The steps you need to take now to hand in work you are proud of


A job is also a source of pride
Wouldn't restoring a sense of pride be the best antidote against a form of defeatism or depression that tends to become widespread, especially in different workplaces? Pride doesn't always get very good press. As if it should simply encourage the remarkable learning of childhood. As if, from a certain age, there was nothing to be proud of for your successes and the trials you have been through. Yet it is not vanity or pride. But a joy linked to the recognition of your value or the value of your action, your project and your company.
In a gloomy or austere environment, it is important to remember that work can be a legitimate source of pride. Because nothing is completely lost if there is one thing left to be proud of. You don't have to get noticed to be proud. We can be proud of a job done in the shadows and discretion. There is a real pride in achieving something, overcoming difficulties or fears, without anyone knowing it, even if social recognition reinforces a sense of pride.
The quantitative value of work and income as the main goal of the society, and, with the rise in unemployment and the stagnation of incomes seem to have quickly disqualified this poor attempt to rehabilitate work; sometimes to the point of weakening any discourse on work other than the very legitimate success of the themes of suffering or complaint when working conditions brutally deteriorate. This situation of great economic and social precariousness should, however, put questions about the value and meaning of work back at the forefront, because the real motivation to work cannot be reduced to quantitative data on performance and resources.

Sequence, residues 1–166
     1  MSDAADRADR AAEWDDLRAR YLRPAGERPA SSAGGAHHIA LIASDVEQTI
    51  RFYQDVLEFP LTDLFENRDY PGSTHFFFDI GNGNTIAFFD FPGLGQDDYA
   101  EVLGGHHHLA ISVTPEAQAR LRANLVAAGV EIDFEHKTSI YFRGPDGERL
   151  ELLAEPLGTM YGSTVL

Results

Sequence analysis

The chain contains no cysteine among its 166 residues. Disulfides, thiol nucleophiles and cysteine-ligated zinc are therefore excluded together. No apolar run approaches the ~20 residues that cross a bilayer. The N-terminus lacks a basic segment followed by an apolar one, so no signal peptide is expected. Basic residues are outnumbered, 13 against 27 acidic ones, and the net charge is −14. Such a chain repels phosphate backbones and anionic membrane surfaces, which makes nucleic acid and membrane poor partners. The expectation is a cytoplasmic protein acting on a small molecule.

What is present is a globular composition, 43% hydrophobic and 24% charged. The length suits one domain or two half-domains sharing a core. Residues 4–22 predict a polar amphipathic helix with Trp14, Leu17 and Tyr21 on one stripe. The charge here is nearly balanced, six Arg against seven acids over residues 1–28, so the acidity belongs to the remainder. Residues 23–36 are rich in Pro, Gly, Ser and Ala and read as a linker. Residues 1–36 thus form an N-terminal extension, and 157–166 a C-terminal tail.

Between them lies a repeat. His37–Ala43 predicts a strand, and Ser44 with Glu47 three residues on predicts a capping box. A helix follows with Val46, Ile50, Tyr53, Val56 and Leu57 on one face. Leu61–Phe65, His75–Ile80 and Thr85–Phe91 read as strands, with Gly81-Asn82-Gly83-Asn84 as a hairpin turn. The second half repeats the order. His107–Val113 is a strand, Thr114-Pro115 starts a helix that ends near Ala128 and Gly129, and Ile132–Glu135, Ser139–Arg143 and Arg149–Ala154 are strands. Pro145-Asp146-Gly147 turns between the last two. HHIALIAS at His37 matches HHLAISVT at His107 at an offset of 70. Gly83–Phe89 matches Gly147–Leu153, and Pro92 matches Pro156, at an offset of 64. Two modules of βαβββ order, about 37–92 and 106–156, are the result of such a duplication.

Even if it means earning less, many workers are now anxious to preserve or recover a positive value of work: the pride that a job well is done can bring, satisfaction closer to craftsmanship than a production logic focused exclusively on output. Suffering at work is sometimes linked to tragic situations that strain the ability to adapt to periods of recession or change in the very nature of a profession. But most often it is the feeling of not being able to do one's job well or to carry out the task entrusted to us when sometimes it would take only a little in management or in cooperation with others so that "it works". The results to be achieved are increasingly defined from above, standardized and monitored, which leads people in the field to feel that they cannot do their job properly.
Pride in a well done job is more than self-satisfaction. It concerns also the interaction with others, the possibility to carry a project as a mobilizing power to do the best. Involvement in your work cannot be controlled but it can make new impetus through a change in the discourse on work that emphasizes on the need of better work, individually and collectively

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